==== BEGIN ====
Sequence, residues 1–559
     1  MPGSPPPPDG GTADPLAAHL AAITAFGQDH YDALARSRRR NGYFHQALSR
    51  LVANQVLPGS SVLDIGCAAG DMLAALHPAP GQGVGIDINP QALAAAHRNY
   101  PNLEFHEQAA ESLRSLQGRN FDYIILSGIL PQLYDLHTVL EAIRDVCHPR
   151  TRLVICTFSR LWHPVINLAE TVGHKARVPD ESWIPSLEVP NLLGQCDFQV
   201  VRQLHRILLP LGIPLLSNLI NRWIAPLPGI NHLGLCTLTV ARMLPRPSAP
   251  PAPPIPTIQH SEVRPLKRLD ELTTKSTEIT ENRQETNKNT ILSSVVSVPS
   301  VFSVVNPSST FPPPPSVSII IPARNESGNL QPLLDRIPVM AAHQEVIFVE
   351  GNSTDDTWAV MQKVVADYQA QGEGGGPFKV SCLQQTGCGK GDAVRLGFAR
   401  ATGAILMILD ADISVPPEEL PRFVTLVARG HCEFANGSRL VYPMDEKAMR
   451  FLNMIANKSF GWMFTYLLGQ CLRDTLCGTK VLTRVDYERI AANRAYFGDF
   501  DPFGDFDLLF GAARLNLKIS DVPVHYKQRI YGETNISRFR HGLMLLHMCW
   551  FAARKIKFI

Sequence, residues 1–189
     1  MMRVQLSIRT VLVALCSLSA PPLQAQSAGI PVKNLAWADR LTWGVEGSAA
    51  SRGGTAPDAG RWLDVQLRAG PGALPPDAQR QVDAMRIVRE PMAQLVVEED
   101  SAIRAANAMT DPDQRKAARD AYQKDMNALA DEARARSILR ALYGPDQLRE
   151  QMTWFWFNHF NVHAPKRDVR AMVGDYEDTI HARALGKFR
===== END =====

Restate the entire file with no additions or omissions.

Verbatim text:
Sequence, residues 1–559
     1  MPGSPPPPDG GTADPLAAHL AAITAFGQDH YDALARSRRR NGYFHQALSR
    51  LVANQVLPGS SVLDIGCAAG DMLAALHPAP GQGVGIDINP QALAAAHRNY
   101  PNLEFHEQAA ESLRSLQGRN FDYIILSGIL PQLYDLHTVL EAIRDVCHPR
   151  TRLVICTFSR LWHPVINLAE TVGHKARVPD ESWIPSLEVP NLLGQCDFQV
   201  VRQLHRILLP LGIPLLSNLI NRWIAPLPGI NHLGLCTLTV ARMLPRPSAP
   251  PAPPIPTIQH SEVRPLKRLD ELTTKSTEIT ENRQETNKNT ILSSVVSVPS
   301  VFSVVNPSST FPPPPSVSII IPARNESGNL QPLLDRIPVM AAHQEVIFVE
   351  GNSTDDTWAV MQKVVADYQA QGEGGGPFKV SCLQQTGCGK GDAVRLGFAR
   401  ATGAILMILD ADISVPPEEL PRFVTLVARG HCEFANGSRL VYPMDEKAMR
   451  FLNMIANKSF GWMFTYLLGQ CLRDTLCGTK VLTRVDYERI AANRAYFGDF
   501  DPFGDFDLLF GAARLNLKIS DVPVHYKQRI YGETNISRFR HGLMLLHMCW
   551  FAARKIKFI

Sequence, residues 1–189
     1  MMRVQLSIRT VLVALCSLSA PPLQAQSAGI PVKNLAWADR LTWGVEGSAA
    51  SRGGTAPDAG RWLDVQLRAG PGALPPDAQR QVDAMRIVRE PMAQLVVEED
   101  SAIRAANAMT DPDQRKAARD AYQKDMNALA DEARARSILR ALYGPDQLRE
   151  QMTWFWFNHF NVHAPKRDVR AMVGDYEDTI HARALGKFR